Pressure is off as relaxed Blades plot to belatedly banish demons

Sheffield United's Harry Maguire and Neill Collins (left)
Sheffield United's Harry Maguire and Neill Collins (left)
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SHEFFIELD United’s record at Wembley is, as no Blades fan needs reminding, woeful.

Five trips to the national stadium, new and old, since lifting the FA Cup on the club’s first visit in 1925, have brought five defeats. In four of those, the Blades failed to score.

The most recent came two years ago in the League One play-off final as Huddersfield Town triumphed in a penalty shoot-out that went on so long that goalkeeper Steve Simonsen missed the decisive kick. The consequences were grave, with defeat triggering a brutal slashing of the wage bill and a round of staff redundancies as United tried to balance the books in preparation for the implementation of Financial Fair Play.

Neill Collins remembers that loss well. It was his first visit to the national stadium, somewhere the Scot had dreamed of playing since boyhood. But, despite Collins netting his penalty, he ended the afternoon punching the Wembley turf in frustration.

“That was a horrible afternoon,” says the 31-year-old defender when asked by The Yorkshire Post about the most recent of United’s Wembley disappointments. “Absolutely horrible.

“We had victory in the palm of our hands after Huddersfield missed the third penalty (a miss that left United 1-0 up with three spot-kicks to take to Town’s remaining two).

“I really thought it was going to be our day. But then it all went wrong. That shows how quickly things can change in a Wembley one-off game.

“I went on holiday straight after and spent the entire time re-living what had happened over and over again. Not the best summer.”

Victory tomorrow in United’s first FA Cup semi-final in 11 years would, Collins readily agrees, go a long way to making up for the disappointment of that Huddersfield loss.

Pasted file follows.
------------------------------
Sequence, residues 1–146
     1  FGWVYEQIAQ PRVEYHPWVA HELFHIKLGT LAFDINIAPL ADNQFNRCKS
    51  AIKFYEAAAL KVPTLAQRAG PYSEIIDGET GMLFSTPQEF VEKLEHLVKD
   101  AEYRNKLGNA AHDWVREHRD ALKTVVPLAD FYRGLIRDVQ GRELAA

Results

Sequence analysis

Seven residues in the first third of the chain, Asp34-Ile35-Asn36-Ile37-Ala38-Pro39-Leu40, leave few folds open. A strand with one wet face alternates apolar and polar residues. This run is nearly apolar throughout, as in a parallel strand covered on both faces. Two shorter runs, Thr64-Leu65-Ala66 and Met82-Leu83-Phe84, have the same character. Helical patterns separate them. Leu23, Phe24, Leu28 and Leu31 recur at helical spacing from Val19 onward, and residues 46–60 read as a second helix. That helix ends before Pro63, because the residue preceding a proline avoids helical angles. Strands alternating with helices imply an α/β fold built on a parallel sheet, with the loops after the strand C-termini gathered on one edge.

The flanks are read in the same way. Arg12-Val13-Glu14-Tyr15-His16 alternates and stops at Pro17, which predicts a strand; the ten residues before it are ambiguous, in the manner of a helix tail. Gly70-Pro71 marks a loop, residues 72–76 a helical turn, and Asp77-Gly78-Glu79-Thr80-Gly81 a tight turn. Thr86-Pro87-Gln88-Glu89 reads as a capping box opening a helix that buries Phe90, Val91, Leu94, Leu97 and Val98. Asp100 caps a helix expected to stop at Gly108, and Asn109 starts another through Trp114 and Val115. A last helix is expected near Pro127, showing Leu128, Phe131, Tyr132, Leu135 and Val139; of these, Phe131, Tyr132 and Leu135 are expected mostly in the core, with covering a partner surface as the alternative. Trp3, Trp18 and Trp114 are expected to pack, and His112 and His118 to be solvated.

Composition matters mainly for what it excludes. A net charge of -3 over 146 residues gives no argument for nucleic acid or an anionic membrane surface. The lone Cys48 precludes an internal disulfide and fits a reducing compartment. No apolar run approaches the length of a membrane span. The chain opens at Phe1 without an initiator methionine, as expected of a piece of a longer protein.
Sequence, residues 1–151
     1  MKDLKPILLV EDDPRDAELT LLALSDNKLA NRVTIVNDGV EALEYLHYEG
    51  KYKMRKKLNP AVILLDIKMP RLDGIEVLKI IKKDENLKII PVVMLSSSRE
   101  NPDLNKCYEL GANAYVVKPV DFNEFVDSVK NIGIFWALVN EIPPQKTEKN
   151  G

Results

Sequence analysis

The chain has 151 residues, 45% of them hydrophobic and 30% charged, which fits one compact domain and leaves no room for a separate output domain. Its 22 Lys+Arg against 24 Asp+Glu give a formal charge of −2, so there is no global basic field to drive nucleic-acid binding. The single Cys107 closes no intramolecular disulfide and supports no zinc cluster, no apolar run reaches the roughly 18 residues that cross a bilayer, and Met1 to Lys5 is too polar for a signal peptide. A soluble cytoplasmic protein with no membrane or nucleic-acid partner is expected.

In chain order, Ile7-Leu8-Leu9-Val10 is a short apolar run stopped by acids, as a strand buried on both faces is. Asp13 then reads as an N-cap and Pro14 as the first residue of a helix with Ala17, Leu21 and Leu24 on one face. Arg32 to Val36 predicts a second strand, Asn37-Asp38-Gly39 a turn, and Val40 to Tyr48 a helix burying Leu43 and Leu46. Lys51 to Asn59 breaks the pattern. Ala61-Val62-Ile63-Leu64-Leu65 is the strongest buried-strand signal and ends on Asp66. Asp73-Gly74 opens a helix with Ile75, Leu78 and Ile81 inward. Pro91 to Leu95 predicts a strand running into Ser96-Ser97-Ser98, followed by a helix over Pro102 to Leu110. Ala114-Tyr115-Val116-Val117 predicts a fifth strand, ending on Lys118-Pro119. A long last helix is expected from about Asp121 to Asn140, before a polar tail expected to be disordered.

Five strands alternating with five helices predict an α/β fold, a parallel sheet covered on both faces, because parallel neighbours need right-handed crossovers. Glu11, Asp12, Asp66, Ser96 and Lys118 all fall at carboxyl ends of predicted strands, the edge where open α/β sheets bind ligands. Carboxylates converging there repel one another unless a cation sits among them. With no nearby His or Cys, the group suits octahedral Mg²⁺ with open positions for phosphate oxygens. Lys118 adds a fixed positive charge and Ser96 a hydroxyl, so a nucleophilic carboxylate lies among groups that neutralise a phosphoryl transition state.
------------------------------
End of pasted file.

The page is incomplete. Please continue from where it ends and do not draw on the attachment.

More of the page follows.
While Hull City start as clear favourites due to their Premier League status, the dependable Scot insists the Blades can finally slay their Wembley demons.

“This time it feels very, very different to 2012,” said Collins. “The play-offs basically boil your entire season down to one game. Before that final against Huddersfield I had a feeling in my stomach that was a mixture of excitement and a fear of failure.

“We had worked all season long and yet everything was going to come down to 90 minutes or two hours. Or, as it turned out, penalties. I am sure come Sunday that we will have butterflies in the stomach but, let’s be honest, no-one thought we would be in the semi-final of the FA Cup this season. That means there is no pressure. Don’t get me wrong, we want to win. But people’s jobs don’t rely on it, unlike 2012.”

Collins has been a mainstay of United’s run to the semi-finals. Alongside Harry Maguire in the centre of defence, the Scot has started all seven ties and played a major role in restricting Aston Villa, Fulham, Nottingham Forest et al to just five goals. Until Tuesday’s derby win over Rotherham United, Collins had also started every league game. It means he has played a full part in United’s charge up the table since slipping to second bottom at the start of February.

The Cup, however, is what this season has become all about for the Blades and Collins admits the run to the last four has taken everyone by surprise.

He said: “If someone had asked me before this season what my best Cup memory as a player had been, I’d have probably said when I scored in the last minute for Wolves against Cambridge (in 2008). It was in the third round and we had to win for the manager (Mick McCarthy). My goal made it 2-1. The other big memory I had before this season was my first Cup game for Sunderland against Crystal Palace.

“They were in the Premier League at the time and I marked Andy Johnson. We had a right ding-dong battle and Sunderland won (2-1). That was a massive thrill because I was reasonably young. As much as I enjoyed those two moments, nothing can compare to this season’s memories. There have been four to choose from already.”

Collins would dearly love to play at Wembley for a third time on May 17, not least because as a boy he grew up loving Cup final day.

“As a kid, I would watch the finals on TV,” he recalls. “I loved it. Two moments stand out. (Eric) Cantona’s volley for Manchester United against Liverpool that won the double.

“And then in 1999, (Ryan) Giggs’s incredible goal against Arsenal. I watched it with my dad, John. He was caning Giggs. He then went to the toilet and as he came back, Giggs set off on that run. We gave Dad some stick over that. Knowing Dad, he will probably be caning me at Wembley on Sunday. Maybe I can do the same as Giggs and score? Mind, I don’t imagine it will be like Giggsy’s. More likely a header. But I’d take that.

“To be fair, I’d take anything. Wembley was the scene of our biggest disappointment (in 2012) and now we want it to be the total opposite. Wembley is the sort of place where you can’t have an ‘OK’ memory. It is either elation or despair. Nothing in between, because so much is at stake.

“I just hope it is our turn to have the happy memory.”